The scope of Grosseteste’s immediate influence is an open question, one which cannot be settled until we know more about the works written between 1235 and 1250. Before we have a reasonably complete picture of intellectual life in Paris before 1250, the presence or absence of his influence cannot be an argument for or against the claim that a work was written at Paris (Rega Wood, “Richard Rufus: Physics at Paris before 1240,” Documenti e Studi sulla Tradizione Filosofica Medievale 5 (1994): 91).
Something similar could be said about Wood’s efforts to identify unusual views held by Rufus—such views cannot be identified until we have a more complete picture of intellectual life in the period 1230–50. The areas where Wood attempts to discover such unusual views include the first cause, substantial change, the role of matter in individuation, inseparable accidents, instantaneous change, the beginning of the world, and heaven’s place as its outermost surface. I do not have space to evaluate her arguments here (and many were first made in previous articles, to which the reader should go for further details), but the general point remains that we need many more editions of texts such as the one found here before we can really determine which views were original and which views were common at any given time, let alone which opinions were strongly associated with a given author. Wood says, for instance, “Holding that heaven’s place was the farthest surface of the outermost sphere …was also not a position unique to Rufus. Since, however, his Physics lectures apparently introduced it in the West, we should not be surprised to find it echoed in his theology lectures”(p. 71). Albert the Great, however, ascribes the opinion that the place of the heavens is the convex surface (i.e. the outermost surface) to Gilbert Porretanus.The view, held previously by Avicenna, probably originates in the twelfth century, and early English commentators regard it as a traditional opinion (opinio communis) (Trifogli, p. 197). If this is the case, it seems a stretch for Wood to use this opinion as a means of linking Rufus’s commentary on the Sentences to the Physics commentary in Erfurt Q 312. Similar objections could be raised in other cases.
But back to the main point: this is a fine edition of a work which will be of interest and use to many historians of medieval natural philosophy. In a sense, Cecilia Trifogli’s overview of commentaries on the Physics from the mid-thirteenth century does more to establish the interest of the work than does Wood’s attempt to build a revolution in medieval natural philosophy around it. Accepting Wood’s ascription of the commentary to Richard Rufus of Cornwall and its dating ca. 1235, Trifogli endorses its early date, but associates this with an earlier stage in the reception of Aristotle:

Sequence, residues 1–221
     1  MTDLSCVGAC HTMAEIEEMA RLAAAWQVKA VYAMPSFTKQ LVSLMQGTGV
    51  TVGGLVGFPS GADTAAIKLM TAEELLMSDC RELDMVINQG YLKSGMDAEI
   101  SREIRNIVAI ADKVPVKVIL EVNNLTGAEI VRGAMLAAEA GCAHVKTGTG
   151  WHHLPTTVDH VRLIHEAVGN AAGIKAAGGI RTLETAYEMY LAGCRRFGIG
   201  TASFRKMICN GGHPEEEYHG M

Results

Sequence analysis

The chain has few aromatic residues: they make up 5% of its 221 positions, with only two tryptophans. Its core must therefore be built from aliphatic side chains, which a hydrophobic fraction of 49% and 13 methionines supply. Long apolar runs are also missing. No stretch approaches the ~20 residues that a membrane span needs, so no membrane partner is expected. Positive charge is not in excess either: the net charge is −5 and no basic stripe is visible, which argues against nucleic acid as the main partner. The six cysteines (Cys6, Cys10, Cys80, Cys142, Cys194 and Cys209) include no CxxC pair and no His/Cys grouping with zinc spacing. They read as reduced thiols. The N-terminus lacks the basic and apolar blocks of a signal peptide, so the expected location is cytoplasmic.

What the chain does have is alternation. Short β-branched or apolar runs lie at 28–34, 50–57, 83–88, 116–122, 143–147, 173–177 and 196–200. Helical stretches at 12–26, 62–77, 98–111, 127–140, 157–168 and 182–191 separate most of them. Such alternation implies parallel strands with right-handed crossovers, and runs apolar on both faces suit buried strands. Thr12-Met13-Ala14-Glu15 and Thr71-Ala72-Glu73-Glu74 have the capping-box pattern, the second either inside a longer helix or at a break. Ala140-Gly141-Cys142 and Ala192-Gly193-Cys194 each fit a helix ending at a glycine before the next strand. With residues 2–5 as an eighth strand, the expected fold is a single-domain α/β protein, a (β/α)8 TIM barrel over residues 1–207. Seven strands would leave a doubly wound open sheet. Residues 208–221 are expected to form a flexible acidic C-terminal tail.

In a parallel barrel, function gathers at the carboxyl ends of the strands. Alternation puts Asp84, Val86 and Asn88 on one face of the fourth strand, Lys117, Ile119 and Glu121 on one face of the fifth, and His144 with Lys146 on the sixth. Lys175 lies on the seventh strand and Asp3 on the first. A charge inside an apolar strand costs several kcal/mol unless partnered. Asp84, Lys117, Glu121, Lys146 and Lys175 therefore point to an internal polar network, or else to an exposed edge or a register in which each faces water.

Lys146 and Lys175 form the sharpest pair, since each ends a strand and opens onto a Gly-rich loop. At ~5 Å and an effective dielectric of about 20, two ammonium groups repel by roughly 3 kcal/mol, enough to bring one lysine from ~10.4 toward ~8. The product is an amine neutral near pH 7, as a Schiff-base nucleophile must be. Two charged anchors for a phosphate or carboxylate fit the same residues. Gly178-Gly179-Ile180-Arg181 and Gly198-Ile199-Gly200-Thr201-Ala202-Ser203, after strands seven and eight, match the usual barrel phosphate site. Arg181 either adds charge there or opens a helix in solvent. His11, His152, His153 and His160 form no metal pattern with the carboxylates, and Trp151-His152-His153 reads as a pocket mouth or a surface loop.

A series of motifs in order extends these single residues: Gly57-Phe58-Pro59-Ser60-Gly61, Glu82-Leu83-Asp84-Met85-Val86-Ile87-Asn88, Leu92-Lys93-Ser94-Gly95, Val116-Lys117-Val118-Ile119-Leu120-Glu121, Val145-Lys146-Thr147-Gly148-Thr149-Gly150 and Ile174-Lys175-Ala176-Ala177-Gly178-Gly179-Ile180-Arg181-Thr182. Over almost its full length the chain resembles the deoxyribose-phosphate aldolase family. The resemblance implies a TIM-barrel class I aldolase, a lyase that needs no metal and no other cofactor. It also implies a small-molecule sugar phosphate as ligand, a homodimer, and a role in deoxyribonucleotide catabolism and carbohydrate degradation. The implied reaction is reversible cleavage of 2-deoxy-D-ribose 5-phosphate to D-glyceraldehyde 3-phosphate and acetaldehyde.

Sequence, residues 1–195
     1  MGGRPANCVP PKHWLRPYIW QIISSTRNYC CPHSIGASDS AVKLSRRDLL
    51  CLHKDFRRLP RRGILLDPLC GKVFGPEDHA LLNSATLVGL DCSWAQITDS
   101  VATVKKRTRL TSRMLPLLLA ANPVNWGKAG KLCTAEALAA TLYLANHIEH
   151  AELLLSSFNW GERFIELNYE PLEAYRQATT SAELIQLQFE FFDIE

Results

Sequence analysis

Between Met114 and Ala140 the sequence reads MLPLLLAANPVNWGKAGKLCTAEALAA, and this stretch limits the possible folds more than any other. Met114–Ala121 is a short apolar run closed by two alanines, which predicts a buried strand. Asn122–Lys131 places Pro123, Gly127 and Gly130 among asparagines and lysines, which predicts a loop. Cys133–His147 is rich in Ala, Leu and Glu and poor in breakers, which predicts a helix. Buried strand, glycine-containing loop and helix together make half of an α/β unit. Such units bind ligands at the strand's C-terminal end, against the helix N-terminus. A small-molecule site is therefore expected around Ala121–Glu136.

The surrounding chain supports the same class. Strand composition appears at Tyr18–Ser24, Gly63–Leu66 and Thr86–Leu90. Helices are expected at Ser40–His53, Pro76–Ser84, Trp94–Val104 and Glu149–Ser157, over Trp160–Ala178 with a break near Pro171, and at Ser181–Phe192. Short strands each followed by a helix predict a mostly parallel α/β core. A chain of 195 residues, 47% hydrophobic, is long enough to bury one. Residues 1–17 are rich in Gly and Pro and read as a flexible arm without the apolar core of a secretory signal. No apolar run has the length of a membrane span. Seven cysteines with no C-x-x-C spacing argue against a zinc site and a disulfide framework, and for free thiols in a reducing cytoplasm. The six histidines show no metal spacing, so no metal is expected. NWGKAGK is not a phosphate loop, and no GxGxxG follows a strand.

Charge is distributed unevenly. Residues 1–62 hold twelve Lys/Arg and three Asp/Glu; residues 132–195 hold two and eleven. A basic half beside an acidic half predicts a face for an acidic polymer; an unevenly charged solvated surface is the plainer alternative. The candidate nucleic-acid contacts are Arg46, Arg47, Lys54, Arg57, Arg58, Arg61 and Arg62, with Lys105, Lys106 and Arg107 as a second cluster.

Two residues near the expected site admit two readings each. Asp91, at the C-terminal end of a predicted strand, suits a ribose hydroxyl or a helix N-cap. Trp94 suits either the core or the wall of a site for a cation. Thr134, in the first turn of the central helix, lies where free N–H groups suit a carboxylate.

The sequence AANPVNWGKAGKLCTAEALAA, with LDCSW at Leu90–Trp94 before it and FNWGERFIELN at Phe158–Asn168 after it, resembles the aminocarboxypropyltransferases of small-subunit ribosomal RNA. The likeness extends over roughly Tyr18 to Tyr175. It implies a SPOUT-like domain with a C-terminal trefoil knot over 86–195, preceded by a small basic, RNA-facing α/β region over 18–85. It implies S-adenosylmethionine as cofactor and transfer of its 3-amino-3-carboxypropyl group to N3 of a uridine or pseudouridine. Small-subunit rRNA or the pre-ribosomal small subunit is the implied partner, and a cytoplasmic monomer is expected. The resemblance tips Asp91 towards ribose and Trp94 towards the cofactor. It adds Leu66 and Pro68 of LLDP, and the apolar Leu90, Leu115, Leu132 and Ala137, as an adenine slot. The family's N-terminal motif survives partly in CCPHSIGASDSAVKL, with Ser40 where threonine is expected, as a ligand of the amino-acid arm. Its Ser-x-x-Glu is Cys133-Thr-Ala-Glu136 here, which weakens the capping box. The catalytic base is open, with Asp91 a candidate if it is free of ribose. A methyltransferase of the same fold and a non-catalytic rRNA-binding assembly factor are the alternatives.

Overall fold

Even apart from chronological considerations, it is clear that Rufus’questions on the Physics do not belong to our tradition but to an earlier stage. A comparative analysis shows that the structure of Rufus’ questions is much more “archaic” than that of our commentaries. Indeed, Rufus’questions are very short and have a barely articulated structure. Furthermore, many of them are “exegetical”, in the sense that they arise from some specific claim by Aristotle and tend simply to remove an immediate obstacle to its understanding. In effect, they look like glosses to Aristotle’s text. Consequently, the philosophical content of Rufus’questions is comparatively scanty (p. 31).
Nevertheless, there are aspects in common between Rufus’s commentary and those of the several anonymous and named authors Trifogli studies. Aside from opinions about the nature of place, her commentators agree with Rufus about time:
a version of Rufus’solution to the problem of the unity of time is quoted and accepted by a number of our commentators. As to the doctrine, Rufus, like our commentators, supports the extra-mental reality of time against Averroes’ contrary view that time depends on the soul. Furthermore, some of the origins of our commentators’ debate on the actual infinity in numbers can be found in Rufus. Finally, G1 and M3 [two commentaries studied by Trifogli] show first-hand knowledge of Rufus’ commentary. Indeed, in both these commentaries there is a high number of passages that appear almost verbatim in Rufus’questions (p. 32).
Similar ideas, in more mature and expanded form, are found in Roger Bacon’s questions on the Physics, according to Trifogli, so that there was a “significant continuity between the earlier commentaries by Rufus and Bacon, on the one hand, and our commentaries, on the other”(pp. 32–33). In later sections of her book, Trifogli is able to clarify the ideas of her several commentators by showing their origins in passages of Rufus’s work.
When Trifogli and others have edited other thirteenth-century Physics commentaries, more analysis on this order will be possible. I conclude, therefore, that this book is a significant contribution to research, that Wood has not proven absolutely her more extravagant claims for Rufus, but neither has anyone definitively disproved those claims. Wood just might be right, and it will be worthwhile pursuing the lines of research she has opened.